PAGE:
SHERIDAN — With her face covered in zombie makeup, Karson Vielhauer wandered the Fulmer Public Library Tuesday with arms extended toward her possible next meal.
“Grrrrrr,” she rumbled at unsuspecting passersby.
Vielhauer’s instant zombification was a result of the Zombie Fest put on by the Tween Club at the library, where students talked about how shows and movies about zombies have ascended to the epitome of pop culture.
“This month we’re doing things associated with Halloween, and zombies you really can’t ignore,” said Kevin Knapp, who works in the Wyoming Room of the library.
While the event was for fun, all the events put together for the Tween Club have an educational angle, and this wasn’t an exception.
Knapp told the children about how organizations use the zombie pop culture status to push their agendas.
“There’s comedy books, there’s kids picture books, there’s economics, emergency preparedness books,” Knapp said.
From an educational point of view, he said, the Centers for Disease Control and Prevention has used the zombie craze to educate people about emergency preparedness on its website. Others have used it to promote fundraising for a variety of organizations.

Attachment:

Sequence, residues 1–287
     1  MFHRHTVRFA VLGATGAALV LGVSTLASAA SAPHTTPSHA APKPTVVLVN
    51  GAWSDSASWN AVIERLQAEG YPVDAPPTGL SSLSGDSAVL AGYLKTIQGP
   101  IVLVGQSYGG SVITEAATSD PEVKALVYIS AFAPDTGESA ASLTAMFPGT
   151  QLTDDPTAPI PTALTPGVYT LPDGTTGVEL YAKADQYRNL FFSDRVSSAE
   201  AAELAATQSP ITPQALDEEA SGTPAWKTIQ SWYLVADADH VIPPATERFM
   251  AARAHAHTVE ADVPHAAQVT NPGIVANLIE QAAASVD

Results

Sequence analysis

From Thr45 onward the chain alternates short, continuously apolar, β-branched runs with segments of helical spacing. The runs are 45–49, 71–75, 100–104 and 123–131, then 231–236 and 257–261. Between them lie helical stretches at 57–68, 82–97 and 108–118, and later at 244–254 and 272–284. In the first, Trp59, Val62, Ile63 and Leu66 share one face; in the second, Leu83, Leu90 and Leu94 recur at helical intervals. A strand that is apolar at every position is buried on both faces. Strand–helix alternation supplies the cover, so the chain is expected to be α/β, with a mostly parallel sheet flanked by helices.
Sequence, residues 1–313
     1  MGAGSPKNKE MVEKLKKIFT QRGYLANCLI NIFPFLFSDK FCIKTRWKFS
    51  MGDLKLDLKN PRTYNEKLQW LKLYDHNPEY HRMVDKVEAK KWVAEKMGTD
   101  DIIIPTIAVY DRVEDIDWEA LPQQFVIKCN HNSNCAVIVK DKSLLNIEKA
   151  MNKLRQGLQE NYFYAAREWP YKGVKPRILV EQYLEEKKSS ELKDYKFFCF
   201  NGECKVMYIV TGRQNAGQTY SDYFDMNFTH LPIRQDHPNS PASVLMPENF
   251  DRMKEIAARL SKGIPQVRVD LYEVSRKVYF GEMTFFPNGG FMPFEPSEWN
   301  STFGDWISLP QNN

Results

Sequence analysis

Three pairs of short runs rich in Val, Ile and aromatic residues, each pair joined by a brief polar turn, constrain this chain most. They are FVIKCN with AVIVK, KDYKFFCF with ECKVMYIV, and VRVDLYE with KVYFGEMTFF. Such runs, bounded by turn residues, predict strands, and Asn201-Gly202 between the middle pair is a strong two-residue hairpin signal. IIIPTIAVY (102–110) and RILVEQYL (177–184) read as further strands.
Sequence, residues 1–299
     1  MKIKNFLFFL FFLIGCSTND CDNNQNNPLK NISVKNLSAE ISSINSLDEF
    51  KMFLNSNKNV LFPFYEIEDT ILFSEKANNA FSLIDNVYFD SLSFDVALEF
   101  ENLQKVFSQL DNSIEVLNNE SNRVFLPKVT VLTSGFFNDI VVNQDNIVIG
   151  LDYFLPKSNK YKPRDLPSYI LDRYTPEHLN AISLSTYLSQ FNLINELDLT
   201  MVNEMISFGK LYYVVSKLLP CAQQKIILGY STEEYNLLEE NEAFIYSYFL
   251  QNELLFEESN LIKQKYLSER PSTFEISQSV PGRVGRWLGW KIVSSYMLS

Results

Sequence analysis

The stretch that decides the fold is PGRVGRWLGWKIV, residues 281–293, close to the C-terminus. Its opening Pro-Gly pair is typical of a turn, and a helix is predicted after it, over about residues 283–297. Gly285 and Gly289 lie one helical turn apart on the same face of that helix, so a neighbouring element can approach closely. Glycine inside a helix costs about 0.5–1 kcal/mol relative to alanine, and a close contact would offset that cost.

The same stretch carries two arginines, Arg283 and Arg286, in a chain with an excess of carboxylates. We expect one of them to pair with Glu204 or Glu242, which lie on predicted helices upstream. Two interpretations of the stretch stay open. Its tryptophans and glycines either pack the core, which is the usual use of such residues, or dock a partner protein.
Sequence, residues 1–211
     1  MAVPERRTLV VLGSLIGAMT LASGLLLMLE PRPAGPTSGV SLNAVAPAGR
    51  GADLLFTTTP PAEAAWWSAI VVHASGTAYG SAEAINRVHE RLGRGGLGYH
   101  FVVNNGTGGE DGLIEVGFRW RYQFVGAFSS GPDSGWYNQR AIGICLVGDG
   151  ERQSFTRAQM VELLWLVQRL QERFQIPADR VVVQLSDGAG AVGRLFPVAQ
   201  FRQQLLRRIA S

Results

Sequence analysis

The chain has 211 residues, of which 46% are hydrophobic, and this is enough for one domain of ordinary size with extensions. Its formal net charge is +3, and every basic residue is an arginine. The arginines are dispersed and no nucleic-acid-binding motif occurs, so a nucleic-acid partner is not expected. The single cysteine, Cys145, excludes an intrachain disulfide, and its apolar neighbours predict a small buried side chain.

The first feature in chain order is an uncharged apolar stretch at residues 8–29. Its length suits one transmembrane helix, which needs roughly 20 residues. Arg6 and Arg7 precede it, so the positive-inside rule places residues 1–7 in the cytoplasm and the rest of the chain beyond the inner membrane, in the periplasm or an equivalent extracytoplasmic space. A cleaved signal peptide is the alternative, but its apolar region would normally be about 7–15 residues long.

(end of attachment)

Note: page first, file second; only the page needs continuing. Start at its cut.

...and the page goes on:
“Or they just use it for advertising the next season of Walking Dead,” student Henry Dickinson said.
Knapp also used the activity to talk to children about a real-life instance where people have pointed to zombification in ants.
In the rainforest there is a fungus that, when its spores land on an ant, causes them to act peculiar.
“It affects their brain and causes them to wander around,” Knapp said. “Other ants recognize it and know they have to kill it, otherwise other ants will start acting the same way.”
Knapp said because the fungus needs sunlight to survive, and then ants are in the rainforest where little light exists, they will climb to the tops of trees and die. Then, they’ll release more pollen and start the process again.
“Gross!” Vielhauer shouted.
Vielhauer, while willing to wander as a zombie for fun, has no doubts in her mind about whether human zombies exist.
“Science has proven it to be scientifically impossible,” she said.
But that didn’t keep anyone from getting into makeup and wandering outside the library doors with arms extended.
Knapp gave students advice for how to make bite marks that appeared real.
“The trick is to use glue and toilet paper,” he said.
With that, some of the children went on to explain their Halloween plans.
“For Halloween I’m going to be a zombie with a bite mark on my arm,” Dickinson said. “When people ask, I’ll say ‘Oh, it’s just a scratch.’”